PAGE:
High-yield information experiences are increasingly important, and our connected devices provide these experiences on a regular basis. But can print integrate into the information flows emanating from the cloud?
A new product called Little Printer promises to combine the cloud with nice little printings, as this video shows:[vimeo http://vimeo.com/32796535 w=700&h=400]
The video is appealing in a number of ways. It reminds me of a print version of Flipboard, the iPad reading interface. I can imagine printing out my morning’s Twitter stream or Facebook feed, perhaps a few headlines from a favorite news source, the forecast, and so forth. I could also grab a recipe this way without having to use a full sheet of paper, print coupons, or generate boarding passes. The size is definitely appealing, and suits a lot of the paper use-cases.
The technology seems to rely on a proprietary cloud approach, as detailed in the company’s promotional literature:
Underlying Little Printer is our new technology for connecting and controlling wireless products in the home, and we call it BERG Cloud. Little Printer’s brain isn’t on a chip in its body, but on the Web where it can reach out and touch other Web-enabled services, and where we can provide updates and improvements without you having to install anything. . . . Little Printer wirelessly connects (with no configuration) to a small box that plugs into your broadband router. . . . your phone is your remote control. We think of BERG Cloud as the nervous system for connected products. It’s built to run at scale . . .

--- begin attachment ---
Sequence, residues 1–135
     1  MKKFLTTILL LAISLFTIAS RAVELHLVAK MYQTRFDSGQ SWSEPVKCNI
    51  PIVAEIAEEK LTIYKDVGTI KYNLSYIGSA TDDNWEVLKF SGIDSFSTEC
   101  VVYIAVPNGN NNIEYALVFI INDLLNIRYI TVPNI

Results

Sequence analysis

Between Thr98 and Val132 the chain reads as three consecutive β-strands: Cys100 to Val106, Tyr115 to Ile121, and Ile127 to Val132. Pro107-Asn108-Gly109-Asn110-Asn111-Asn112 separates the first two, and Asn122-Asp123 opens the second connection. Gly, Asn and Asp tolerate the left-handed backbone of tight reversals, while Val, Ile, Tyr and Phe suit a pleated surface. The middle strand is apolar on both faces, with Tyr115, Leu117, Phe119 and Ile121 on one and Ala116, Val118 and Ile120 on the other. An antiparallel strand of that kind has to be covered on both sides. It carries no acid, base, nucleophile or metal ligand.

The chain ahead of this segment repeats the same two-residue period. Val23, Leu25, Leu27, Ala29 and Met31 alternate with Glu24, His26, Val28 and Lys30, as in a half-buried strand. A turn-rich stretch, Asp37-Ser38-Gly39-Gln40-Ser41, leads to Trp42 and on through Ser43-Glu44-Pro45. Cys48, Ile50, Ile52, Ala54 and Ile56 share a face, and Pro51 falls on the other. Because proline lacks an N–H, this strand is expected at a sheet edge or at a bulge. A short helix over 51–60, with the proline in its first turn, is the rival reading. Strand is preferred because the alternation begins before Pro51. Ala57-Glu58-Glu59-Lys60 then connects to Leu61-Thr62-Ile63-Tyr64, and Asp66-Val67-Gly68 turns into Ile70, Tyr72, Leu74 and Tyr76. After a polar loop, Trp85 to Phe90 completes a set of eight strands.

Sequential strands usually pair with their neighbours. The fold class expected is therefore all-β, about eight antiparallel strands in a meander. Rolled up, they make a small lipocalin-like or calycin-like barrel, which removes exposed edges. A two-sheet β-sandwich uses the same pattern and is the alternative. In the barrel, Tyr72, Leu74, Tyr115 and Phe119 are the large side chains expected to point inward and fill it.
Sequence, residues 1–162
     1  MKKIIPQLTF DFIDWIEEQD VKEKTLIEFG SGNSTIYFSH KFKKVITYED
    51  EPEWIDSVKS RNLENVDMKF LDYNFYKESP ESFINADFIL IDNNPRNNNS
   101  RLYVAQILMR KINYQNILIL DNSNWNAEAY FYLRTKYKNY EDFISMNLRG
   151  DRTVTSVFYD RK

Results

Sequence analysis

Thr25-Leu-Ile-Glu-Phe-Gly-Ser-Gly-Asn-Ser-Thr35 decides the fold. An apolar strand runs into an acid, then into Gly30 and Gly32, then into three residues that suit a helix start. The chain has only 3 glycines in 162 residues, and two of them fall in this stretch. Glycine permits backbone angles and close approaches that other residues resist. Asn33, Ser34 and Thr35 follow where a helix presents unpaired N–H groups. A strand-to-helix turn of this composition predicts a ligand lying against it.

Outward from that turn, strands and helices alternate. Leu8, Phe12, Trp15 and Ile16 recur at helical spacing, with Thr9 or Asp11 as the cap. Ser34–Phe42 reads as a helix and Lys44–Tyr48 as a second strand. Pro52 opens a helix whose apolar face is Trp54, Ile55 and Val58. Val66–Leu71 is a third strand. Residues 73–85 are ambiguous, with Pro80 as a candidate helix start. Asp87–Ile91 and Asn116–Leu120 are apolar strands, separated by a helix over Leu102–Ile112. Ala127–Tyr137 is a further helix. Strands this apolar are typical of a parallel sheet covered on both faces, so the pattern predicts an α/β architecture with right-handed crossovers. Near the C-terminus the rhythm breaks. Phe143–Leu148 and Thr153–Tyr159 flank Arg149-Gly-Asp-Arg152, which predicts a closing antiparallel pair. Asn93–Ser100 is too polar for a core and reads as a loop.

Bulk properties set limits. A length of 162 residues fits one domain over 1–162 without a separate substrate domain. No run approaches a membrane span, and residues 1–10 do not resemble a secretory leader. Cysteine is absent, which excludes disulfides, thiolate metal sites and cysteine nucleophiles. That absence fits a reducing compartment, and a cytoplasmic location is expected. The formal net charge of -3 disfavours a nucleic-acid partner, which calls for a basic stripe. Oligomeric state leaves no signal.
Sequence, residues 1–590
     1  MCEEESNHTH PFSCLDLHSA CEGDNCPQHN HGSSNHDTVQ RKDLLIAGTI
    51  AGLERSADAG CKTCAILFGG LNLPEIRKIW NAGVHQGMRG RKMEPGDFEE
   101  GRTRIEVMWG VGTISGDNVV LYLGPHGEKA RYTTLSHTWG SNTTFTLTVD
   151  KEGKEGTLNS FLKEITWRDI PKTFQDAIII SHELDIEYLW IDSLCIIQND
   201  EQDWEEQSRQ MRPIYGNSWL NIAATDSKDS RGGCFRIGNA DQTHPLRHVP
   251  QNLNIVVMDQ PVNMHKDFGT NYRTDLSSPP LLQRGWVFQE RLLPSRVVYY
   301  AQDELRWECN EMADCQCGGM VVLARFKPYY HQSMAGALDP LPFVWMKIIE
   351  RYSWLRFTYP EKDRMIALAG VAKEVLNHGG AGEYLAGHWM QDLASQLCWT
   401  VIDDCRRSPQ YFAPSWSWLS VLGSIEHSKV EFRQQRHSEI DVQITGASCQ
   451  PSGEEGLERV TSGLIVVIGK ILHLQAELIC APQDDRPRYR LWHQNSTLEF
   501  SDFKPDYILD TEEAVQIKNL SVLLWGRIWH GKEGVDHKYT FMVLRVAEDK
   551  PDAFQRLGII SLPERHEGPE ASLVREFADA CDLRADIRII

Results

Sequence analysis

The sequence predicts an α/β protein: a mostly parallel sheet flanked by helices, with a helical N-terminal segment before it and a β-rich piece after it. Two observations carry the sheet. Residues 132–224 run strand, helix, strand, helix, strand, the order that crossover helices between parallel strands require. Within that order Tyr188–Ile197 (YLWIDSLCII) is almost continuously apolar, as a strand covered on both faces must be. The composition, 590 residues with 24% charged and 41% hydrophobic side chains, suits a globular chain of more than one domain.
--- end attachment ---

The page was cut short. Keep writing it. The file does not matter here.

I can imagine abstracts printing out on this when an issue is published. Talk about a nice service for scientists and physicians.
Little Printer is due out in 2012. It’s what BERG Cloud is hoping will be a line of smart products pulling information by connecting them to cell phones through the cloud.